Lula, at forty, was too old to be a whore, and too smart to be a madam. Scratching a living from the arid Oklahoma soil did not appeal to her.
She never did cotton to book learning. At least, not the kind of learning offered at the town’s one-room school house. It squatted at the edge of town like a carbuncle,
and oozed out generations of pasty-faced, sausage-curled sons and daughters descended from the town’s early settlers, fat with their sense of privilege and authority.
The schoolmarm was no better than that sorry school. Elma Ratchette, the hatchet-faced widow, simpered after Parson Pritchert, round as a beer barrel and windy as a prairie breeze before the clouds busted open (and then there were his sermons).
Thin and grizzled as the whiskers on a spider’s leg, Elma was quick to bring her ruler down on the heads and shoulders of the town’s less-fortunate students, those too poor to afford shoes and the others who fell asleep and dreamed of doing and questioning, rather than suffer her mind-numbing prattle.
But Lula was smart. She kept her head down and her eyes open.
She saw that most of the town’s work was done by those of moderate and little means, and that the student who missed school did so because he was learning his family’s business of tending the fields. She knew that a girl who slept through class in the daytime had likely been up all night helping to deliver a new sibling to the family. And that sometimes, the beating they received from that dried up old hag of a schoolmarm was nothing to the walloping they’d receive at home.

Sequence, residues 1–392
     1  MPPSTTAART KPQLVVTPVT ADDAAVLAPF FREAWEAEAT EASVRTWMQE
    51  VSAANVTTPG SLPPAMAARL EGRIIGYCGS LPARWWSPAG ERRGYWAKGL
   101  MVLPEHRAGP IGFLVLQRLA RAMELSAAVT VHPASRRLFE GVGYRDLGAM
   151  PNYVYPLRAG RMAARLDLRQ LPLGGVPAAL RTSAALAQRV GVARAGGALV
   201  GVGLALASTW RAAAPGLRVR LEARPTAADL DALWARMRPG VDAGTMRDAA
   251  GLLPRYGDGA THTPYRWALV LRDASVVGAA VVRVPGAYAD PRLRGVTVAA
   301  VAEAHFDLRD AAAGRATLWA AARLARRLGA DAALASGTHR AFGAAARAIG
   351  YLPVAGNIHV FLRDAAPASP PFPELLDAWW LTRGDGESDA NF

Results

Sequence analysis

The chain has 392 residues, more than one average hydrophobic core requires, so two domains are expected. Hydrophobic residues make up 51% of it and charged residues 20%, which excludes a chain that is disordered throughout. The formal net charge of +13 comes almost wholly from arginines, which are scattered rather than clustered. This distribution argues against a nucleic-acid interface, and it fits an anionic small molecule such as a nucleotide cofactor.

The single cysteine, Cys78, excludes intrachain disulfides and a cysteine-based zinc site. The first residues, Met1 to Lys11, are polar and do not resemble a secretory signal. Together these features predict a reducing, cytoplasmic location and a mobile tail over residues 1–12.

She saw that innocent cruelty in a sausage-curled brat often grew to judiciously-dispensed kindness in a young woman or man. They’d received their wallopings too, and made a choice to question and choose differently than what they had been taught.
She learned that it wasn’t always a question of choice, it wasn’t always consistent, and you couldn’t tell just by looking at a person. Lula saw that by listening and accepting, she could open a door, perceive the fire that glowed within, and help the embers settle into a slow, sustainable burn.
Those school mornings that Lula had spent dreaming were never wasted. The crack of the ruler across her shoulders only made her more determined. She had the brains to nurture the community she wanted to build, but not the means. She used all her assets, including a gift for long-term planning, and the bonus of exceptional patience.
She opened a saloon in the center of town and bought into the General Store. She spent her afternoons serving whiskey and wit, and her nights walking with the Goddess moon. And when the young women came to her for advice, she smiled. When they came to her with a sneer, she laughed.
© Liz Husebye Hartmann (2016)